Most of the authors return to topics in which their expertise is well known. Jeremy Gregory looks at the Canterbury diocese (returning to the subject of his Oxford Historical Monograph) and the leadership role provided by the archbishops nationally, and Viviane Barrie once more surveys the clergy of the London diocese.

Chamberlain’s subject is `A regular and well-affected diocese: Chichester in the eighteenth century’ reprising some of the themes which characterized his fine book about that see, noting the extent to which high churchmen became good Whigs by the 1740s, thanks to the careful management of the 1st Duke of Newcastle, whose personal piety Dean Sykes revealed in his pioneering Church and State in England in the Eighteenth Century (1934); Archdeacon Bill Jacob is equally upbeat about conditions in eighteenth-century Norfolk, the theme of his 1982 doctoral dissertation, WM Marshall, more guarded in his assessment of the state of things in the Hereford and Oxford dioceses in the century after 1660. Thus in Hereford catechizing was erratic (as opposed to Gregory’s Canterbury) and he forcibly argues that the liturgical dreariness of long services was a problem for the Hanoverian Church that recent historians have perhaps too easily evaded.

Neighbouring dioceses provide contrasting pictures. William Gibson, preparing us for his forthcoming biography of Bishop Hoadly, singles out the energy of Winchester’s Augustan bishops, the regularity of their visitations and the absence of factionalism among the clergy. Donald Spaeth, considering the failure of reform in neighbouring Salisbury, (perhaps the most nuanced essay in the collection) suggests an underlying malaise dating back to the contentious episcopate of the Whig Gilbert Burnet (1689-1715), and what he calls `the mental inflexibility of the Church and its clergy’.

The volume includes studies of both villages and deaneries. Michael Snape considers the fortunes of the Church in the largest parish in England, Whalley in Lancashire, while Colin Haydon examines the deanery of Kineton in the Worcester diocese. Both writers position themselves nearer to Spaeth than to Gibson, with Haydon concluding that `by the later eighteenth century, the provision of services and patterns of residence give grounds for pessimism’ (p173). Two of the last essays move back from the micro to the macro level: Françoise Deconinck-Brossard on the Church in the north-east and Philip Jenkins on Wales, a splendid cameo covering 140 years in nineteen pages. The book includes a lengthy bibliography, though an afterword by the editors would have enhanced its usefulness further. Much work still remains to be done and a unitary image of the Hanoverian Church of England blueprint is unlikely to be persuasive. As Dr Haydon neatly puts it, ` … the evidence does not conform to neat patterns while its deficiencies preclude satisfactory answers to some questions.’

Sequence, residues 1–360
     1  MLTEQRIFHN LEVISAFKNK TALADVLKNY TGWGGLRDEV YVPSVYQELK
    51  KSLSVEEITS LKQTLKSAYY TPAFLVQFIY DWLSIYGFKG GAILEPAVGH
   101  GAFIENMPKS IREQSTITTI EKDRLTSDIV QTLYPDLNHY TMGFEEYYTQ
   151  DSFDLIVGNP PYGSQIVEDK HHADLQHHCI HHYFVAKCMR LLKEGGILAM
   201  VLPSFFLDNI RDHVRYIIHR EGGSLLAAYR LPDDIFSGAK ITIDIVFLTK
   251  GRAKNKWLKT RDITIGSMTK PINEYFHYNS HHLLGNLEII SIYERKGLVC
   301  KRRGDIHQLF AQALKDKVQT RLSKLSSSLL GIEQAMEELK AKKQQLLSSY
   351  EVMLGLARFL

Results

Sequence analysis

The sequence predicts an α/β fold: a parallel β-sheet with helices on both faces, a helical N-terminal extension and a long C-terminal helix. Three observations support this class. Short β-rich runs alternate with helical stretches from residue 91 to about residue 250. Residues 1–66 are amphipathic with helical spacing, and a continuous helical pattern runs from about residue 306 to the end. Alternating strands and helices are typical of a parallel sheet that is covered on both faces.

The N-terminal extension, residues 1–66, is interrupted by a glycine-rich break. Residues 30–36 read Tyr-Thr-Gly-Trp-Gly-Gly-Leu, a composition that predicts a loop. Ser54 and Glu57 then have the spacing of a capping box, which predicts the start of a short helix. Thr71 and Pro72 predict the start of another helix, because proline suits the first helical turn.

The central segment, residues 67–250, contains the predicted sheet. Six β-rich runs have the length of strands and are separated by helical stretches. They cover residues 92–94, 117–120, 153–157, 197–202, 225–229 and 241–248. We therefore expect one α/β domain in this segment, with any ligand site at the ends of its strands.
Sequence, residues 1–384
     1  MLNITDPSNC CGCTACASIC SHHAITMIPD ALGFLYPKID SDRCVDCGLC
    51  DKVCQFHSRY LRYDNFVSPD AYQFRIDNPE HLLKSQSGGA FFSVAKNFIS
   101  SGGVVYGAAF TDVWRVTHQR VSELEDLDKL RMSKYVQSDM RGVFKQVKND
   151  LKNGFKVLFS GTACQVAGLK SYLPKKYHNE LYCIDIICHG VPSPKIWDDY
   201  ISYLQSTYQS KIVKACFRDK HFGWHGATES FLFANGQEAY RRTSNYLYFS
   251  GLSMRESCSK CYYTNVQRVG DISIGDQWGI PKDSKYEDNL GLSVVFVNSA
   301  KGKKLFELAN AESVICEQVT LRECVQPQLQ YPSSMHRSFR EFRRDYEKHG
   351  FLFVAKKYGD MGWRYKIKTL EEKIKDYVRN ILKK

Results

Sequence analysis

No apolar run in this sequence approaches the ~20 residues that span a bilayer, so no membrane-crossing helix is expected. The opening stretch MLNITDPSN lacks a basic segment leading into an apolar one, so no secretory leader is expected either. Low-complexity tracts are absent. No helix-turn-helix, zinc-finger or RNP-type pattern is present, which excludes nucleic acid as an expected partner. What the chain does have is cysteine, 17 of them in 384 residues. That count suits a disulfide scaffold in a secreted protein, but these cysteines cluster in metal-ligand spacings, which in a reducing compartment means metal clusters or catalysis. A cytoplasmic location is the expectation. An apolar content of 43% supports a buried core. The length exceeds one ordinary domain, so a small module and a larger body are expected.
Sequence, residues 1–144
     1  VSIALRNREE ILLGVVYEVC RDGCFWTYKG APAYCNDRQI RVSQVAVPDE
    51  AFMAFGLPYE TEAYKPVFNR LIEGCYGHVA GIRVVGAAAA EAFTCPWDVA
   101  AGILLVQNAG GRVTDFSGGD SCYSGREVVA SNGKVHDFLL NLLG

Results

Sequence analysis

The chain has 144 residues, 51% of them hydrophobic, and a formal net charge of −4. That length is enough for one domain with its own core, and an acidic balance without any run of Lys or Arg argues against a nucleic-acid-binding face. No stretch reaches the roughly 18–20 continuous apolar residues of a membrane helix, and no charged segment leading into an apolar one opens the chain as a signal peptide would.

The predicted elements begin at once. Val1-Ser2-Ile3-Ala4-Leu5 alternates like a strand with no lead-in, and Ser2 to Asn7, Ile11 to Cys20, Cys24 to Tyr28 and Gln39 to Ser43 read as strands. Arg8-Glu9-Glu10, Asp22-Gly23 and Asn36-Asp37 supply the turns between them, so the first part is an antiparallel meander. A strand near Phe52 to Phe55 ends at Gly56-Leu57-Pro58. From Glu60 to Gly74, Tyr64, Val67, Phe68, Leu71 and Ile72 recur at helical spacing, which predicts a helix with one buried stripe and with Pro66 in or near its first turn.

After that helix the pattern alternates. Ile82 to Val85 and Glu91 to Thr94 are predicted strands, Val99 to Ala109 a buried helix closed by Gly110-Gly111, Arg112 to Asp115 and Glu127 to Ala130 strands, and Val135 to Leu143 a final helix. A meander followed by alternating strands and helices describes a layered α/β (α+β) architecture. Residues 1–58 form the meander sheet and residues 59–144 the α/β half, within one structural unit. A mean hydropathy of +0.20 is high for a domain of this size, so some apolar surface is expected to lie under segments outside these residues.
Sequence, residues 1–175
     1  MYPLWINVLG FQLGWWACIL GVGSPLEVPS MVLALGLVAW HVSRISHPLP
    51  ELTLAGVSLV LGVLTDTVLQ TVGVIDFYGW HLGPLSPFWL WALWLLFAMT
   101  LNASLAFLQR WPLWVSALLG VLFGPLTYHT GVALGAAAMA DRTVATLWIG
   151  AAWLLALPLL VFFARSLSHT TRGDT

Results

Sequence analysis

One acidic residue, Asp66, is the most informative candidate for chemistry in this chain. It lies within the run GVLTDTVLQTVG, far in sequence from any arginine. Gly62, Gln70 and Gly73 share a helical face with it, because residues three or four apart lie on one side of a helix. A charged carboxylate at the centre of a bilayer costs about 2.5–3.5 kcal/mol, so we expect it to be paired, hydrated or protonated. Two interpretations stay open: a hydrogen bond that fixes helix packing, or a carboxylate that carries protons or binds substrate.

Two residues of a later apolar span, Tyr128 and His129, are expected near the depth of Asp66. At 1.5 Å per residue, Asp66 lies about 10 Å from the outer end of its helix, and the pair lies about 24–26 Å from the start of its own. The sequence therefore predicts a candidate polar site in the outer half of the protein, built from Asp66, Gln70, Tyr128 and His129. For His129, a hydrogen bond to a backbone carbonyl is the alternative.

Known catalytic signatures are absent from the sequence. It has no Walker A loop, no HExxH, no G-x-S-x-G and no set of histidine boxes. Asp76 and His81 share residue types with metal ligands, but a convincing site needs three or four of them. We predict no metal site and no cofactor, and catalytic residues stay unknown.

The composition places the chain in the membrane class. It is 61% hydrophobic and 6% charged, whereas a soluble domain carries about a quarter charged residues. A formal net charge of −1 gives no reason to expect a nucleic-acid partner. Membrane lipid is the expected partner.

Nigel Aston leaches History at the University of Leicester.


Michelle Brown
British Library, 500pp, pbk
0 7123 4807 7, (£19.95)

For the comprehension and dissemination of the word of God, the invention of printing seemed an unqualified benefit. Or so I thought, until I encountered the Lindisfame Gospels in this stimulating study. An ancient book is not an immediately transparent artefact, even its beauty is not inherently obvious; it takes some time to appreciate the form of hand-written Latin.

One can stand before the 1,300 year old gospel book in the current British Library exhibition. The lighting is subdued, the atmosphere quiet, but there is (understandably but regrettably) nowhere to sit and pray. (For all that, I now fully support its remaining where it is, and not returning to Durham Cathedral; it is too valuable a national relic to be left in the hands of the CofE alone.)

In our own age, we want to know all the details and all the background, to demystify a well-known object. It is an approach that the Curator of the Library’s Illuminated Manuscripts fully understands. The exhibition itself surrounds the book with painting, sculpture and manuscripts; it gives a sense of the richness of the context of this remarkable work of art, but it is this book though through its long and detailed study which conveys best of the all the extraordinary importance of this Gospel Book.

The Gospels were written and painted by Bishop Eadfrith of Lindisfame, between 715 and 720, in honour of St Cuthbert. Created in response to his cult, they helped to sustain and develop it; with his body, they were rescued by disciples from the destruction of the Vikings at the end of that century and kept safe at various places across the north until they were brought to Durham.

What do they show us of that high-point of Saxon Christian civilization? Firstly, how important the word of God was to the community. It has, literally in this artefact, iconic status. Like a cathedral building for us, it encapsulates what we understand about the majesty of God and the permanence of his gracious presence here among us.

Secondly, how important scholarship was this. It may not be scholarship as we know it, but the care taken over the Jerome Prologues and the Eusebian Canons, and even the later word for word translation into Old English, all show a care for and appreciation of truth and accuracy that we would do well to emulate. We may have more scholarly instruments to hand and more materials to work with, but the quality of their work is humbling as well as surprising.